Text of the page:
Friday, 10 October 2008

Finance, faith and fantasy

I thought it was time I made some comment, however brief, on the world’s financial state. So far for many of us it appears to be like thunder on the edge of the horizon, something of a dramatic novelty but not a matter that directly affects us. Of course very soon it is going to be having a direct effect and not a benign one. In fact in our church it looks as though we are going to create a finance subcommittee whose brief will be to offer aid and assistance to those who will have been affected. At least that’s the plan.

Let me make two other observations.

The first is that I find myself troubled by absence of any prophetic Christian response; not to this present crisis (which may come) but to the bizarre and reckless boom we saw over the last ten or twenty years. Where were the prophetic voices saying that ‘it’s not going to last’, ‘it’s a house built on sand’ and ‘what goes up must come down’? I am happy to include myself in this critique. Frankly, even those of us who were not avid supporters of the prosperity gospel seem to have been content to receive the benefits of a financial situation that we now realise was based largely on irresponsible property speculation. I wish somewhere there was some prophetic figure who could say ‘I told you this would all end in tears’. Perhaps there is and I will be glad to hear of him or her.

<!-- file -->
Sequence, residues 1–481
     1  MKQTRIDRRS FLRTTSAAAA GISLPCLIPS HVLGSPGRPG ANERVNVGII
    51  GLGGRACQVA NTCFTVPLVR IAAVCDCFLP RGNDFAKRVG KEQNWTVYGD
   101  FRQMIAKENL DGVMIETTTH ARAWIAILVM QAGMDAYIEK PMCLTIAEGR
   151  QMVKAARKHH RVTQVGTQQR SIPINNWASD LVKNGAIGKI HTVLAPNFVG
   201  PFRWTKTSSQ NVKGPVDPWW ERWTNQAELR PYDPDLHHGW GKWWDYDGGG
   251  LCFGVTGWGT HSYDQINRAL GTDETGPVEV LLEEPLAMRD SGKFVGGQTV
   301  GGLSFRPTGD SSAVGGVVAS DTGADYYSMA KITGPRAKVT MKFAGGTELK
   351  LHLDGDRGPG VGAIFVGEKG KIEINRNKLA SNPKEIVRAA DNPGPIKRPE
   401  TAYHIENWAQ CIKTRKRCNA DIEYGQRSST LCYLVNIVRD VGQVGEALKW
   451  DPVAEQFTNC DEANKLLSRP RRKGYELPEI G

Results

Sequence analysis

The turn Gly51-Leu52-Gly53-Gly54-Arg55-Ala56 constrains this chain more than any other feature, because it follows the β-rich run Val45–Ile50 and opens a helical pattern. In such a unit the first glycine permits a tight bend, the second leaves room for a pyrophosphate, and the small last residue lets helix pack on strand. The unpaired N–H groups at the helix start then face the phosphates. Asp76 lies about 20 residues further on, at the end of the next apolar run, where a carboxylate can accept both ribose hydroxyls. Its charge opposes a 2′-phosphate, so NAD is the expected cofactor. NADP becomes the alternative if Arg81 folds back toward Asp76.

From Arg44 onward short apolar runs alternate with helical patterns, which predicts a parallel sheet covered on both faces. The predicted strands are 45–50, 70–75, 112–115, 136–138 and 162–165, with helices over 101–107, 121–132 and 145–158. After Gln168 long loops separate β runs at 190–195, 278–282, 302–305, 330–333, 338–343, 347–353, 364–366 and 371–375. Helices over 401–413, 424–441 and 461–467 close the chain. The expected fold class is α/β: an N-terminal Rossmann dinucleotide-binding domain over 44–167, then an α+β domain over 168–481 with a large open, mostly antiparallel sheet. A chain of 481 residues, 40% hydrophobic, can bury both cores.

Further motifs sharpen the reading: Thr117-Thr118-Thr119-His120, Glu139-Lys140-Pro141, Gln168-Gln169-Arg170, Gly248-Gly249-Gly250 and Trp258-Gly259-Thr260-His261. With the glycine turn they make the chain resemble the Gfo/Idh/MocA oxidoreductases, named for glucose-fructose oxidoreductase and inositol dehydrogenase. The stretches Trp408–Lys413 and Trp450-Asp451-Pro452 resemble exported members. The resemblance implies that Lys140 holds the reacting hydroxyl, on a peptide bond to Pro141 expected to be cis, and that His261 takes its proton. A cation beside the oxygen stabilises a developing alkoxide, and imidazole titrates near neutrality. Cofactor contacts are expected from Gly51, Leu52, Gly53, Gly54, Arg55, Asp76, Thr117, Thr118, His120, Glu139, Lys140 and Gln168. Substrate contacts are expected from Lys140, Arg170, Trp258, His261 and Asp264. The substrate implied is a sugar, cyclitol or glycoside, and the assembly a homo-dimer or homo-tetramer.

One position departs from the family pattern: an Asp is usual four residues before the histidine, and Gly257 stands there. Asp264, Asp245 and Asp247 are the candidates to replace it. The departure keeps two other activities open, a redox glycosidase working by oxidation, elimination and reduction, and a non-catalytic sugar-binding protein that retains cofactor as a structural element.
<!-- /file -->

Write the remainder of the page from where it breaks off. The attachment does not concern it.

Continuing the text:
The second observation is this. If there was a failure of the prophetic nerve there was also it seems to me a failure in the area of imagination. Quite simply no one seems to have been able to conceive of the scale of the pending disaster. It is almost as if an assembled mass of lemmings had peered over the cliff before them only to mutter ‘Well, it certainly looks a long way down, but I don’t suppose it can really hurt.’ Perhaps everybody should have read a few more fantasy books and a few fewer property magazines.

Other news quickly. Simeon continues to do well and gain weight and has survived his first cold. There are also some developments occurring with my writing career that I am not at liberty to discuss but which sound promising. Your prayers are welcome on both counts.

Whatever happens to the markets, have a good week.